The goal of this project is to understand how the actin cytoskeleton of the photoreceptor inner segment contributes to the morphogenesis, maintenance and survival of photoreceptors, and hence to vision. The photoreceptor inner segment cytoskeleton is comprised of parallel bundles of actin filaments terminating in fingerlike calycal processes that surround the base of the outer segment. This research tests the hypothesis that these bundles are critical to photoreceptor morphogenesis, to inner and outer segment alignment, and to alignment of the inner segment with the pupil. It also examines the hypothesis that these bundles provide tracks for myosin-dependent transport of cargo between the perinuclear myoid region and the outer segment. Several proteins localize specifically to these structures including two actin cross-linkers fascin and fimbrin and Myo3A, a class III myosin. Patients with a mutation in fascin suffer from retinitis pimentosa, and Myo3A over-expression also causes abnormalities in the photoreceptor actin cytoskeleton. While the nature of the cellular defect and how it contributes to retinal dysfunction has not been studied yet for the fascin mutation, it illustrates the importance of the inner segment actin cytoskeleton in the retina. This research tests the hypothesis that the cross-linking and regulated nucleation of actin filament bundles orchestrates their proper assembly and maintenance, and thus is required for maintenance of healthy photoreceptors. This study will initially focus on fascin, fimbrin and Myo3A. In order to study the actin filament bundles of photoreceptors, two animal model systems will be employed, fish and Xenopus, each of which is uniquely suited to answer certain questions. The morphogenesis of the inner segment actin filament bundles and calycal processes during development will be studied using trout retinas, since they possess a proliferative zone containing all stages of photoreceptor development. We will also identify other protein components of the photoreceptor inne/outer segment cytoskeleton using fish (Bass and green sunfish), because homogeneous preparations of photoreceptor inner outer segments can be used, and the size of the fish makes biochemistry tractible. These studies will provide new information about the constituents, assembly and functions of the inner segment filament bundles and calycal processes and will thereby increase or understanding of mechanisms fundamental to photoreceptor morphogenesis, function and survival.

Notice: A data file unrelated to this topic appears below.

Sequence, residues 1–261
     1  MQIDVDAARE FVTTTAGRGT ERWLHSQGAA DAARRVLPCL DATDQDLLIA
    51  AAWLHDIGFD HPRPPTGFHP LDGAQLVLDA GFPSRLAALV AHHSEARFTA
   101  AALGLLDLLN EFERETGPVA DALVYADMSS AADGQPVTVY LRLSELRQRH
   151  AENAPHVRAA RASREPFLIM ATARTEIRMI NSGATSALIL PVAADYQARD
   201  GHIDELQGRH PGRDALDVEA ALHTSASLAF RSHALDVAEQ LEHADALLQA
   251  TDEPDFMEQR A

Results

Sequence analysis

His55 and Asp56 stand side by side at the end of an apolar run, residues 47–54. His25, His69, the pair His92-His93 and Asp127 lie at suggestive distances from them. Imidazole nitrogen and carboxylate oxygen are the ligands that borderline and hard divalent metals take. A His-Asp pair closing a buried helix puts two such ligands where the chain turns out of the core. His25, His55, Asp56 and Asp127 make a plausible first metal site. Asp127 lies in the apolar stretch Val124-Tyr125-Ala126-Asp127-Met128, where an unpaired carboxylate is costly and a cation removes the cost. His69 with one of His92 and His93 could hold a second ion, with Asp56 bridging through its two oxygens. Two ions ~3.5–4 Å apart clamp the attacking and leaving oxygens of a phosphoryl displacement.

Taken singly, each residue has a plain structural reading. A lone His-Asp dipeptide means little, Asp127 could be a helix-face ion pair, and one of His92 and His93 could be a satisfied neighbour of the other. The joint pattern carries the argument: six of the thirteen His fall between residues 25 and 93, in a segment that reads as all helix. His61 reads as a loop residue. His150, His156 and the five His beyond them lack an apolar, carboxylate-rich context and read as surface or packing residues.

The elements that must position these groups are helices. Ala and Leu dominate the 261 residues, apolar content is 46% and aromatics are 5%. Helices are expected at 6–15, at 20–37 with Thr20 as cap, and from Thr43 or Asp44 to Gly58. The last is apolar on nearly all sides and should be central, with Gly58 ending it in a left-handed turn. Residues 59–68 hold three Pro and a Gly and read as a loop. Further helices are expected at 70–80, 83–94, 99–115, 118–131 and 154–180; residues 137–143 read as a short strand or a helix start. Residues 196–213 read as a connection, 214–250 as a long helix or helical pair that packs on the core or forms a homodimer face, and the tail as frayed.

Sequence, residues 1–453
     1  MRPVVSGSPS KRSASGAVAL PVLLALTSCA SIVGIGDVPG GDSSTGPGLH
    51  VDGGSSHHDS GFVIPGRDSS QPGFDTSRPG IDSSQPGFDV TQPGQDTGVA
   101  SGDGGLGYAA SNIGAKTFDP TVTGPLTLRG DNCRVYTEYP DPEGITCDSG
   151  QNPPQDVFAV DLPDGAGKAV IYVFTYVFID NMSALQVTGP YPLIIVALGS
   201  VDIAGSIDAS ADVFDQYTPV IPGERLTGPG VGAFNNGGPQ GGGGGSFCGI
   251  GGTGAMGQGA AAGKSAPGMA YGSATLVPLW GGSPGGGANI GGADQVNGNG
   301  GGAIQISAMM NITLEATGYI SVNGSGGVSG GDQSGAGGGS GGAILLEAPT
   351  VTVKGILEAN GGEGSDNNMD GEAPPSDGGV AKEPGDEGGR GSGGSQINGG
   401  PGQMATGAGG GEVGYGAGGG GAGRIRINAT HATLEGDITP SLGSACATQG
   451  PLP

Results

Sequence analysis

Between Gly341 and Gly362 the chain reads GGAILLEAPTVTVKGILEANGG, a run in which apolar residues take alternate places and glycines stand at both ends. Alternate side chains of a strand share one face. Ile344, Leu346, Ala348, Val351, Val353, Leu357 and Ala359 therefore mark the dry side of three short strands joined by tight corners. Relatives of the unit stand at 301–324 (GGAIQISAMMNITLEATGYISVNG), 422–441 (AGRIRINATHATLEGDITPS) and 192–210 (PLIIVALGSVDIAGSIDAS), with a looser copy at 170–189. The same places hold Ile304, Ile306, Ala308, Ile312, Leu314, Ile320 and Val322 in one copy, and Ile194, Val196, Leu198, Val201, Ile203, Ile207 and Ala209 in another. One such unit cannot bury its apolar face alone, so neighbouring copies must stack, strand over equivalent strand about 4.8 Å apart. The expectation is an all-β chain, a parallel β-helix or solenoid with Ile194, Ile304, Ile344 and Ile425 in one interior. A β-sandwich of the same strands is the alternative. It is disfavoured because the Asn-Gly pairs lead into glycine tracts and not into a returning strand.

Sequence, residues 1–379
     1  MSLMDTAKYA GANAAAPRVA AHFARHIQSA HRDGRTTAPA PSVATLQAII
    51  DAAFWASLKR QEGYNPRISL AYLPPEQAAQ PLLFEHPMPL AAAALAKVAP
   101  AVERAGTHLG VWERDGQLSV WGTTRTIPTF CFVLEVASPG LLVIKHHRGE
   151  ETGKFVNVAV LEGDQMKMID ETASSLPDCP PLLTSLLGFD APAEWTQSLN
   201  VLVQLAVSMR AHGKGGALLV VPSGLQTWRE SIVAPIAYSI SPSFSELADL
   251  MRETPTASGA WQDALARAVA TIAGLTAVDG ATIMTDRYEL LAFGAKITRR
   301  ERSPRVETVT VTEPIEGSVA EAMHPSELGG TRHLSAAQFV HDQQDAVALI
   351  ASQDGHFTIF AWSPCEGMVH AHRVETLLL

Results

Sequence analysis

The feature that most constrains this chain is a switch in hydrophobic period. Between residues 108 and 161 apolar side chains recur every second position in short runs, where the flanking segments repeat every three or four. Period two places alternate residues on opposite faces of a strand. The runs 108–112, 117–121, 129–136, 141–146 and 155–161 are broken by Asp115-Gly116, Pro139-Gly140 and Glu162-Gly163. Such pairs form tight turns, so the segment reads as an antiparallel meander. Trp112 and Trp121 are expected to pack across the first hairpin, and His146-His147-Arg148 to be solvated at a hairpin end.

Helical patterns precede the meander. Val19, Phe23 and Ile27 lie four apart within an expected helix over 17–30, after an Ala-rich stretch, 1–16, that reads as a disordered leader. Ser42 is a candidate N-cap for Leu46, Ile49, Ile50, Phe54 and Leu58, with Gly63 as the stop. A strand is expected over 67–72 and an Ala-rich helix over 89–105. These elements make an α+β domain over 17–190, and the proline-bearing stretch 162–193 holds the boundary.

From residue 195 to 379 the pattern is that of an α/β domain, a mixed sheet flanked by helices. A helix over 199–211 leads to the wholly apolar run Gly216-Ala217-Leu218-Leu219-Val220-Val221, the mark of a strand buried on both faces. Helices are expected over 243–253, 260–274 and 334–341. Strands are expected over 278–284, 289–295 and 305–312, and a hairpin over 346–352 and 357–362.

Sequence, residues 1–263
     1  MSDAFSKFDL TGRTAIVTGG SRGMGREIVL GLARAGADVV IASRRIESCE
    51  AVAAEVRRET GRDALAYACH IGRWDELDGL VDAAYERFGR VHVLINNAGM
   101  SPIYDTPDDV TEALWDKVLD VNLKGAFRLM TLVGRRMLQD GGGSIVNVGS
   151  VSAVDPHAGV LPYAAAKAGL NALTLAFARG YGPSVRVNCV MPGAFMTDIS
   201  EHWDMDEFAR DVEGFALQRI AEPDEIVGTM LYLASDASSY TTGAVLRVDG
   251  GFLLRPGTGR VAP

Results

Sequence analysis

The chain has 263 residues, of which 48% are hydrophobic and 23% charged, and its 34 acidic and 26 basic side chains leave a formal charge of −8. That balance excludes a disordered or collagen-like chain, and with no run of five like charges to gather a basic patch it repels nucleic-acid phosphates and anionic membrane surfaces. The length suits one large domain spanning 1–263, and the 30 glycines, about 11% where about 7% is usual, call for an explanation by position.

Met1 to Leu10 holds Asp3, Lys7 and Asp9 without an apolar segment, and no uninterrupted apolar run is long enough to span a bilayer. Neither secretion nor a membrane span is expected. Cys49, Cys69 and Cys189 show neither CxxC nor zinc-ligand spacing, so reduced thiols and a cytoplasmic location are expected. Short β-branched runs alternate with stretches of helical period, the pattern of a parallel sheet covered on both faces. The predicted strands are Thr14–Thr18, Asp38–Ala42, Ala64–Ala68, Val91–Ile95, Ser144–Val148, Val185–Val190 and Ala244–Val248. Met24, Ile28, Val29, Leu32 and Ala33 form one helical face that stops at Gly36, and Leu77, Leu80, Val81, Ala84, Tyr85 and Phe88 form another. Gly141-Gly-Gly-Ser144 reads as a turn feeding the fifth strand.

National Institute of Health (NIH)
National Eye Institute (NEI)
Research Project (R01)
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Special Emphasis Panel (ZRG1-VISC (01))
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Mariani, Andrew P
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University of California Berkeley
Schools of Arts and Sciences
United States
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Dalal, Jasbir S; Stevens Jr, Stanley M; Alvarez, Sophie et al. (2011) Mouse class III myosins: kinase activity and phosphorylation sites. J Neurochem 119:772-84
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